When I started this blog back in 2011, it was always my intention to write about the Yin and Yang of our physical reality and a putative metaphysical one. Call it programming if you wish, but I have a life-long commitment to the perceived reality of the latter. I have a faith, deliberately irrational though it be.
I also have a life-long commitment to science and the physical world, and I’ve never had much trouble reconciling the two. That’s the thing I’ve been wanting to write about; how a spiritual life is not contrary or exclusive to a scientific one.
In fact, I believe they are the Yin-Yang of a complete person.
“Space is big. Really big.”
When I started blogging here, one of the first bloggers I followed was Robin, of Witless Dating After Fifty. Over the years, she’s several times mentioned a great question her dad often posed when discussing religion with someone: “How big is your god?”
Last week my buddy and I were having our weekly beer- and gab-fest and our (typically very meandering) conversation came to touch on the problems with young Earth creationism — the Christian fundamentalist idea that the universe is only thousands of years old.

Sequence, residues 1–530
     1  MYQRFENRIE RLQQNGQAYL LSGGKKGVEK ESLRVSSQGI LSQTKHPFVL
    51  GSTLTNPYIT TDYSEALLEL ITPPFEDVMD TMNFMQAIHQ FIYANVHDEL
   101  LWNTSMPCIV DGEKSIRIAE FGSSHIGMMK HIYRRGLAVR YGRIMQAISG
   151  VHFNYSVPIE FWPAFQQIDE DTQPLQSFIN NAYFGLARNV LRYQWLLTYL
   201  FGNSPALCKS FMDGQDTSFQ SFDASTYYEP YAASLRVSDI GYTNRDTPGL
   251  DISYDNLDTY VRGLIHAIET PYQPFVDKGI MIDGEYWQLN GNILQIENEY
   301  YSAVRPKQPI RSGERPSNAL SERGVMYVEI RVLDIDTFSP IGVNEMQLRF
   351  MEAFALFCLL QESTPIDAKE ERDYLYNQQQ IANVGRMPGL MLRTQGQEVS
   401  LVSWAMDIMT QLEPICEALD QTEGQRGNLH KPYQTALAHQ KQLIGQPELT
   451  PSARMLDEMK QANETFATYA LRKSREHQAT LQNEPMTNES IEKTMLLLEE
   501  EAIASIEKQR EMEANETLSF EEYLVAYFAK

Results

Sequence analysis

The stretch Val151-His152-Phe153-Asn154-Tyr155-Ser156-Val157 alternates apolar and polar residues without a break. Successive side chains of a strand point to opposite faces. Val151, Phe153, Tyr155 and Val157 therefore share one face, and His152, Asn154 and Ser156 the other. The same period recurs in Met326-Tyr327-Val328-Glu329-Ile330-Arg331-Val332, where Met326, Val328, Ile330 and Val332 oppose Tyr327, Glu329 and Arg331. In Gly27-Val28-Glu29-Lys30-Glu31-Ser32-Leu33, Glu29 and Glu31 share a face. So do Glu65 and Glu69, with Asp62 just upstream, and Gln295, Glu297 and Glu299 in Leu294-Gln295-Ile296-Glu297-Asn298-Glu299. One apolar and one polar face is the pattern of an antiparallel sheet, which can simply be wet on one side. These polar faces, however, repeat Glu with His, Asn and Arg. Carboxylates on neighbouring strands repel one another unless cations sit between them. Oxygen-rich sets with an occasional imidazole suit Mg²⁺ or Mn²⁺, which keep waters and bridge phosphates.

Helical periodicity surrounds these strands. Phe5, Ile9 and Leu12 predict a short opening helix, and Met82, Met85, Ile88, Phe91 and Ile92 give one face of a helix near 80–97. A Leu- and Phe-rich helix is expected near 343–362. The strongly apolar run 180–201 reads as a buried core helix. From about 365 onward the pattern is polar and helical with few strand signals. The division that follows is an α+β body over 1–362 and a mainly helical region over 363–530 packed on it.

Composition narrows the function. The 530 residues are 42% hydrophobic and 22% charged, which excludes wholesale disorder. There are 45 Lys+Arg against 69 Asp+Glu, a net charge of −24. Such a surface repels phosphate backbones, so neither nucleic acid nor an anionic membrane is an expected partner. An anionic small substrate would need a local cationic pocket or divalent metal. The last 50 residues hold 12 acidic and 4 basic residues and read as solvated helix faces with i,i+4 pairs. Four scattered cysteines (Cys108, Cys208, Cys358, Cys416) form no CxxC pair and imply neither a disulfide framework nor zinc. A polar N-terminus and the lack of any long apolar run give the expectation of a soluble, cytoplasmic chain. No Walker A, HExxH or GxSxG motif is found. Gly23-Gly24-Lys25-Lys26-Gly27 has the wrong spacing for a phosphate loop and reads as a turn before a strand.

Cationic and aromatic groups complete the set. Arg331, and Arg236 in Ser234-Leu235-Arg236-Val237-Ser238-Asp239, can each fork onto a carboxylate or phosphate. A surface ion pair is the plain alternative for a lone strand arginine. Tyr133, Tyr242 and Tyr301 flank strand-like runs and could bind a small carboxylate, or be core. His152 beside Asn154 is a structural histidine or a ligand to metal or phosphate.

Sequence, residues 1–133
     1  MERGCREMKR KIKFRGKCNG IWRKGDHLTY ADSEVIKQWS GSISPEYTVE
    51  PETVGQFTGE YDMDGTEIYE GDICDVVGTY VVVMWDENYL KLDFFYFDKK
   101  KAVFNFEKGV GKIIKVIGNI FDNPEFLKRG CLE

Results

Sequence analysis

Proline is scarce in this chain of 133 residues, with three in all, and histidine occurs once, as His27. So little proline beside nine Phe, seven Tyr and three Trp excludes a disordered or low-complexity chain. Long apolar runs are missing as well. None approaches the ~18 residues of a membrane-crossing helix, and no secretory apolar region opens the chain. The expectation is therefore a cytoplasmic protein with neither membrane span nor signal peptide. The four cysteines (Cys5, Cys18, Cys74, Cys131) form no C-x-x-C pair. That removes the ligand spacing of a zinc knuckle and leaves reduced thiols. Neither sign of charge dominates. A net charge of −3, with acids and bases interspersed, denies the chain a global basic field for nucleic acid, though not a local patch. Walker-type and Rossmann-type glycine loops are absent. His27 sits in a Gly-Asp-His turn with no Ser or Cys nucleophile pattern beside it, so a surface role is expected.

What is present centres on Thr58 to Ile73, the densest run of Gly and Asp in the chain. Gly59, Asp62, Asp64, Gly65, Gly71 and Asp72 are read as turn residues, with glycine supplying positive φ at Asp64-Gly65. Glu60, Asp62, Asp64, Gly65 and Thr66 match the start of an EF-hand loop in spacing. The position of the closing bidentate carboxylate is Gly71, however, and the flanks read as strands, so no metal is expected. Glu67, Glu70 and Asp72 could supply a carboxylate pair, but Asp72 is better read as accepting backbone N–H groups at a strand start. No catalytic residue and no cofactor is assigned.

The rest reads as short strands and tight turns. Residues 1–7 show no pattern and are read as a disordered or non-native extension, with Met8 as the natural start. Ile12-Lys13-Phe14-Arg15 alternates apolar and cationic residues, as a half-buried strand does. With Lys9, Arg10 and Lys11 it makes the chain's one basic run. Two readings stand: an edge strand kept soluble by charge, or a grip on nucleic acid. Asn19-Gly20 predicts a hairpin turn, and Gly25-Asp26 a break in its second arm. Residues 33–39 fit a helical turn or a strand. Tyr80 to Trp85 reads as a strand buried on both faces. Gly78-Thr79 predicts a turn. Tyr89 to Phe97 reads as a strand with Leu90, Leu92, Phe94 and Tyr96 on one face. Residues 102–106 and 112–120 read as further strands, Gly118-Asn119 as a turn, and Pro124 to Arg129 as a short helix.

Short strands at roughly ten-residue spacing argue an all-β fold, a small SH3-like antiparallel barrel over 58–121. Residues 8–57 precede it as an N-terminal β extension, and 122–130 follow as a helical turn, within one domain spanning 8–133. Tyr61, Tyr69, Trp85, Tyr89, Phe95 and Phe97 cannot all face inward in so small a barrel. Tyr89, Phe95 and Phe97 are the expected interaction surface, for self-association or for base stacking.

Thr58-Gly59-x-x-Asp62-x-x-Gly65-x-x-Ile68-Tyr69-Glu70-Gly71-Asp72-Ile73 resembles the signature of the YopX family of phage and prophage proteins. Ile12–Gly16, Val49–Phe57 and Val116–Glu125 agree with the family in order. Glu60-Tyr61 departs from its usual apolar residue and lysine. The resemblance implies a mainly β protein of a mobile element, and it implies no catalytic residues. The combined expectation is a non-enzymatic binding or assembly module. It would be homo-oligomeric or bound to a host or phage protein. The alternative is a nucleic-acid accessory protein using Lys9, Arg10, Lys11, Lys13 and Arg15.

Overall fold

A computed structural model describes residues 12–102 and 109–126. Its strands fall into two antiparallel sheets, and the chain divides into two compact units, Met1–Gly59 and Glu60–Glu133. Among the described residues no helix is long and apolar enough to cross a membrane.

In fact, there’s a pair of real whopper problems involved!
Despite the title, this post isn’t as strongly related to the previous three as the naming convention suggests. I don’t really have much to say about religious predestination. If anything, my views on spirituality are key to a belief in free will and choice. The religion I was raised in seems (at least to my eye) quite clear that we are allowed to choose our actions.
The connection to those other posts lies in picking up the thread of physical determinism — normally a necessarily atheist point of view — and doing a riff on religion, spirituality and atheism. This is the post I started to write last Sunday when my mind took off in a completely different direction.
This time I’m going to try sticking to the subject!
A while ago, a popular mass-produced beer had some commercials that revolved around the line, “Why ask why?” While most beer commercials seem on the stupid side to me anyway (one brand’s only selling point seems to be “coldness”), those especially bugged me. Actually, as I recall, the commercials were pretty cute; it was the idea that asking Why? is pointless that bugged me.
I believe that asking Why? is a uniquely human trait. Animals accept existence; humans question it. And while there is a certain important Zen-like quality to accepting existence, I believe the questions are also important.
Science is really nothing more than the process of asking Why?